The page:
a thoughtful web.
comment by ThatFanficGuy
ThatFanficGuy  ·  763 days ago  ·  link  ·    ·  parent  ·  post: Pubski: June 14, 2017

A wonder, then, why it hasn't been developed to a more endurant level. Humanity starts a "new level" of something whenever there's the abundance of resource and workforce for it, isn't that true? Maybe we're just waiting for graphene to become mass product... but then, we'll just suffer over it not working in zero-G or something. :)

Fluid bearing made no sense to me 'cause it's late and my brain is tired. If you could ELI5 it for me, that would be appreciated.

kleinbl00  ·  763 days ago  ·  link  ·

Mechanical objects cannot follow Moore's Law. Newtonian physics has been a settled thing for 200 years now and while we can make improvements in materials science, the equations that govern mechanical design have no shortcuts.

A fluid bearing uses a fluid (in physics terms, this means either a liquid or a gas) to absorb the shock of impact and friction. The design of the bearing is dependent on the viscosity and other properties of the fluid. Basically, if you have two parts that should have friction between them, and put a layer of properly designed fluid in between, the friction between those parts becomes the friction between the fluid and the surface instead of the two surfaces.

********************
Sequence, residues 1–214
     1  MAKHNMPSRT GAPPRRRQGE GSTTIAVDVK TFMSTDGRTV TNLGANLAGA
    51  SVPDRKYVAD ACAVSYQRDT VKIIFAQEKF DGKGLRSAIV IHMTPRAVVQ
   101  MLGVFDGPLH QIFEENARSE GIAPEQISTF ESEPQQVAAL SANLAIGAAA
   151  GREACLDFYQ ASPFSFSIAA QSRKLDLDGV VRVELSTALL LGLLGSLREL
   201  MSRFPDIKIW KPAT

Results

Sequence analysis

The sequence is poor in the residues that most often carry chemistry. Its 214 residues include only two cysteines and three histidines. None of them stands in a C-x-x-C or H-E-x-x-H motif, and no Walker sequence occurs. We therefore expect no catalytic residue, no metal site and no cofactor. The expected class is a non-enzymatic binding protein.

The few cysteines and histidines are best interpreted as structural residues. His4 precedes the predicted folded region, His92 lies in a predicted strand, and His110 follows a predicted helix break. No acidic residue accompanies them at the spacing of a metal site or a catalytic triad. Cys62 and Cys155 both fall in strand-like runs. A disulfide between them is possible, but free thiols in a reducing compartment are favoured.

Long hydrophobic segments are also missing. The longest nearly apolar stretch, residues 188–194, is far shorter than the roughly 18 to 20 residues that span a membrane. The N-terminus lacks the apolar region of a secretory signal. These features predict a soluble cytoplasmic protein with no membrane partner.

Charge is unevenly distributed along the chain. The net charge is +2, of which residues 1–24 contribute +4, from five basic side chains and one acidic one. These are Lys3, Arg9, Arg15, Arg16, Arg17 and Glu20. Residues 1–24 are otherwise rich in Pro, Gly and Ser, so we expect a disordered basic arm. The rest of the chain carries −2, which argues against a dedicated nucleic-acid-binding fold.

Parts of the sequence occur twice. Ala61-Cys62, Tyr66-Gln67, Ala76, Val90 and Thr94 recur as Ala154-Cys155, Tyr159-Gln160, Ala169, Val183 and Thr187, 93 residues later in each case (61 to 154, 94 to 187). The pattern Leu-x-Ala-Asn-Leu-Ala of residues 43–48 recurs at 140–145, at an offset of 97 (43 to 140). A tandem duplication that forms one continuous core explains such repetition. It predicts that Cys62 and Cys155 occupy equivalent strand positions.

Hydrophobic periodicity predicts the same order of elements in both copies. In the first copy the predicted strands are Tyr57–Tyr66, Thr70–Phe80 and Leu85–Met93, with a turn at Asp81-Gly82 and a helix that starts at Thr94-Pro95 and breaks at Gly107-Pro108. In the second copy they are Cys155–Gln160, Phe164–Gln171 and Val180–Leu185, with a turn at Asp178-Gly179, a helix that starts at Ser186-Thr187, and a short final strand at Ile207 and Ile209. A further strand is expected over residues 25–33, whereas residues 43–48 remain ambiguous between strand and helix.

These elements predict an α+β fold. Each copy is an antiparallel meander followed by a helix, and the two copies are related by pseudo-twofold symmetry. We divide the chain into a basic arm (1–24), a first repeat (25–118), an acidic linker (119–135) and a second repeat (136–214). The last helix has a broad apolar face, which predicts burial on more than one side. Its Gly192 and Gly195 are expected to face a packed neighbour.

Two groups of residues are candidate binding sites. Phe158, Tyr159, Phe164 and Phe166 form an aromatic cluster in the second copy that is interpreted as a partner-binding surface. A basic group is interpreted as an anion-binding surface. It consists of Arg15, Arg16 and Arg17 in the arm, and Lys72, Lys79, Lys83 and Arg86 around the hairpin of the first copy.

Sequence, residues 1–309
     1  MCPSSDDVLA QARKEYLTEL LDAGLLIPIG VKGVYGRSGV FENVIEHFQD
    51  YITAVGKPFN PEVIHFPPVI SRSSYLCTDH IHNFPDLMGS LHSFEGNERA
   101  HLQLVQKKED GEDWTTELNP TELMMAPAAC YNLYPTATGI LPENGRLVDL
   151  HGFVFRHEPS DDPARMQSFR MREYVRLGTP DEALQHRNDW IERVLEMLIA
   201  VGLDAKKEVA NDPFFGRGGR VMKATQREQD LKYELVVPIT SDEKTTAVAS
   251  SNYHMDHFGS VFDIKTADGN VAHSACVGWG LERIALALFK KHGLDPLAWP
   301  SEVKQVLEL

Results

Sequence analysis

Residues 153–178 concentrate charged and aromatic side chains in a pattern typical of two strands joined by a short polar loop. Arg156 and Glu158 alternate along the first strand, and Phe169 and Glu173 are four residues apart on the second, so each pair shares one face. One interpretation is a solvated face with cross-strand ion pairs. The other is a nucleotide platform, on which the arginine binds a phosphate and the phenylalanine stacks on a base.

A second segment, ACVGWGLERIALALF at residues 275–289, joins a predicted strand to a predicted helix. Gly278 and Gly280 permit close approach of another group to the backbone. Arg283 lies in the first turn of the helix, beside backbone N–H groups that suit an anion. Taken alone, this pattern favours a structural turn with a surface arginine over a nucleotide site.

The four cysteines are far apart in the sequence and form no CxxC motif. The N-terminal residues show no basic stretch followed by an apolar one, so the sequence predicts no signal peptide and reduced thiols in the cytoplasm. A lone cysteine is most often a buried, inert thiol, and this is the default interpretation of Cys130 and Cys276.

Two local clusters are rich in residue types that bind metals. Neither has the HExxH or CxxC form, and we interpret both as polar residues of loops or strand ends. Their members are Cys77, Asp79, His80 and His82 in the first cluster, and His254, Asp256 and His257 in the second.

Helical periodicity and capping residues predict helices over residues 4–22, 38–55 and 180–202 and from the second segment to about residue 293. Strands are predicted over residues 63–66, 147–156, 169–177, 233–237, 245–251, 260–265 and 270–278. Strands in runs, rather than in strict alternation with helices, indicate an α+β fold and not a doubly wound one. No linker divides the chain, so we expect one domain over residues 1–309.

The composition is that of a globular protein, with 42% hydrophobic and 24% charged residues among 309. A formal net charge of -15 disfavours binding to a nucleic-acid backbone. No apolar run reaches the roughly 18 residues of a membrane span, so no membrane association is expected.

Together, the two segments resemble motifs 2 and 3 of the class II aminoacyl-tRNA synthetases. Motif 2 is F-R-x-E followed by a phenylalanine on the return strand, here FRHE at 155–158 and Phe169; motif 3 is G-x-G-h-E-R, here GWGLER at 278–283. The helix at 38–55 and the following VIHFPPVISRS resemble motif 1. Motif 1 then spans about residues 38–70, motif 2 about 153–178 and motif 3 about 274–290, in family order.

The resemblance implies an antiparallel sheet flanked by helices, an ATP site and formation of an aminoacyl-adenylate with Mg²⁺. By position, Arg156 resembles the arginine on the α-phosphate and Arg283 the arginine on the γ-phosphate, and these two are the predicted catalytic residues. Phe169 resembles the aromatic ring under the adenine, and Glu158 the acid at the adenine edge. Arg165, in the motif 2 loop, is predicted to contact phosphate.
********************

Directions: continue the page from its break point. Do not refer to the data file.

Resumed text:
The archetypal example is a connecting rod and a crankshaft journal:

In a fluidless scenario, the impact of the exploding gas on the piston is transferred down the connecting rod to the crankshaft and the inner diameter of the rod and the outer diameter of the crankshaft rub together, make lots of heat and wear. In a fluid bearing scenario, the impact from combustion is absorbed by the fluid, which has much lower friction than the two metal surfaces, and which is also under constant replacement by the oil pump. This allows the friction heat of the surfaces to be removed from the site.

That was more ELI10 but that's the idea.

ThatFanficGuy  ·  759 days ago  ·  link  ·

It took me a while, but I got there.

Thanks for the explanation - as well as for reminding me why I'm not in engineering.

goobster  ·  763 days ago  ·  link  ·

(I will not nitpick that Newtonian physics existed long before Newton. I will not nitpick that Newtonian physics existed long before Newton. I will not nitpick that Newtonian physics existed long before Newton. I will not nitpick that Newtonian physics existed long before Newton.)

kleinbl00  ·  763 days ago  ·  link  ·

the equations didn't

goobster  ·  762 days ago  ·  link  ·

Well, that's kinda what I was getting at, philosophically.

Technically, the equations just are a way of describing the phenomena or principle. So in a way, Newtonian Physics are only the equations describing the principles. So sure, those principles existed before he described them in mathematical calculations.

I dunno... I'm sitting in a long and boring conference call/training, and my mind is wandering off into the weeds... government contracting, my friends... my brains are leaking out my ears...

bfv  ·  762 days ago  ·  link  ·

I dunno... I'm sitting in a long and boring conference call/training, and my mind is wandering off into the weeds... government contracting, my friends... my brains are leaking out my ears...